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Tali Sharot

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September 2017


Tali Sharot is a Wellcome Trust fellow and principle investigator at the Cognitive Perceptual and Brain Science Division at University College London. Her research on the neuroscience of optimism, emotion, memory and decision making has been published in top scientific journals including Nature and Nature Neuroscience, and has been featured in the Wall Street Journal, the Washington Post, the Boston Globe, Newsweek, the New Scientist, the BBC, and more. She has previously taught courses in psychology and neuroscience and conducted research at New York University (where she received her PhD), Harvard University, and the University of California. She is from Israel.

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More of Tali's books…
“It‘s a curious fact, because Friday is a day of work and Sunday is a day for pleasure, so you would expect people to enjoy Sunday more, right? But we don’t. It’s not because we really like being in the office and can’t stand strolling in the park and having a lazy brunch. We prefer Friday to Sunday because Friday brings with it the thrill of anticipating the weekend ahead. In contrast, on Sunday the only thing to look forward to is work on Monday.”
Tali Sharot, The Science of Optimism: Why We're Hard-Wired for Hope

“the litter of Schrödinger's cat is all over our decision tasks”
Tali Sharot, Neuroscience of Preference and Choice: Cognitive and Neural Mechanisms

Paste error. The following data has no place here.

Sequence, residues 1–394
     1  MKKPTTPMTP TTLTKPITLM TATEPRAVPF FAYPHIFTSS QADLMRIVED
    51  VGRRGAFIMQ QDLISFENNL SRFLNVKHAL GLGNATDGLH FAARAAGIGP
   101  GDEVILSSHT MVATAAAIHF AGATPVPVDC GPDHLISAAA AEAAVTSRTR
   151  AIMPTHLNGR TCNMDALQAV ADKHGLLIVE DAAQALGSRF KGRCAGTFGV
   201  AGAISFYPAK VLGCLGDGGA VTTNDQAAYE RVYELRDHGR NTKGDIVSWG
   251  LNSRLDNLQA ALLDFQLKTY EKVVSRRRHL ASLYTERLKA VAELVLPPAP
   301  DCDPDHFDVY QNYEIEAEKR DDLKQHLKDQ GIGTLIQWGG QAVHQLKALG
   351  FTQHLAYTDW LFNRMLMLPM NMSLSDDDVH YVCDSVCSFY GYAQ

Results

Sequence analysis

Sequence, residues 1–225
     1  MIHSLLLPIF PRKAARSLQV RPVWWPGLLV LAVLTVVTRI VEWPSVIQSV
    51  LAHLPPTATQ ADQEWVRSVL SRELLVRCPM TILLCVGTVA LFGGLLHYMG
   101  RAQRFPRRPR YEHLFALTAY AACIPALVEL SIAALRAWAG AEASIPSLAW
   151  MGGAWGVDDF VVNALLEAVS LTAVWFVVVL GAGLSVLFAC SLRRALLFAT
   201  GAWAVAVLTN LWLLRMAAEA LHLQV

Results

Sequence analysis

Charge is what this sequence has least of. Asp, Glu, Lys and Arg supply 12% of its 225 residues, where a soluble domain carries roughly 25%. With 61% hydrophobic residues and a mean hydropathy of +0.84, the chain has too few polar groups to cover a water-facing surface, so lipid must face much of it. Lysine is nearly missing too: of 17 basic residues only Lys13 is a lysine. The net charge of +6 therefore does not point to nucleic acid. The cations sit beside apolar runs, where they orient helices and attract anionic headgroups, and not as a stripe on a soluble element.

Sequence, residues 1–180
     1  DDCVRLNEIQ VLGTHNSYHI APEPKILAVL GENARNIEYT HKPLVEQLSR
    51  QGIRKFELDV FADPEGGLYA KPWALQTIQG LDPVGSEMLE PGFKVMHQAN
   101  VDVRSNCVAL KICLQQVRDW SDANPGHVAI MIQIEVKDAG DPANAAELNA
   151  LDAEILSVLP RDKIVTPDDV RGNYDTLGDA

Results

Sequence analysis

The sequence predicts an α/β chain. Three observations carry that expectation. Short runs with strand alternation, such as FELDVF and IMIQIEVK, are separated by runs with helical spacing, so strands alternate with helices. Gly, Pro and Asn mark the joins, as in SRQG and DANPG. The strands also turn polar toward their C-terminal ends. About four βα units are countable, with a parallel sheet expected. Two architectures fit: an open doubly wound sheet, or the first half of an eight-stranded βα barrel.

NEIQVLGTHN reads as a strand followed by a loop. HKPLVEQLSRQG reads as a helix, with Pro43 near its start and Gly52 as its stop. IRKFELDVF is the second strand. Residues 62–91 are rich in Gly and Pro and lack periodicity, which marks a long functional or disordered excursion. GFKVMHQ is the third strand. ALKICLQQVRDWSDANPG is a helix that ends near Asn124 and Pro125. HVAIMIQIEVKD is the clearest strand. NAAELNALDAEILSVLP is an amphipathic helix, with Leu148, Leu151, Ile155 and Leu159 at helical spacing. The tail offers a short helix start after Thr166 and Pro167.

“We should finally note a more radical challenge to the concept of Platonic utility that arises from nascent work in the reinforcement learning field under the rubric of intrinsic motivation. One idea is that the "true" evolutionarily appropriate metric for behavior is the extremely sparse one of propagating ones genes. What we think of as a Platonic utility over immediate rewards such as food or water, would merely be a surrogate that helps overcome the otherwise insurmountable credit assignment path associated with procreation. In these terms, even the Platonic utility is the same sort of heuristic expedient as the Pavlovian controller itself, with evolutionary optimality molding approximate economic rationality to its own ends. It as a sober thought that understanding values may be less important as a way of unearthing the foundations of choice that we might have expected.”
Tali Sharot

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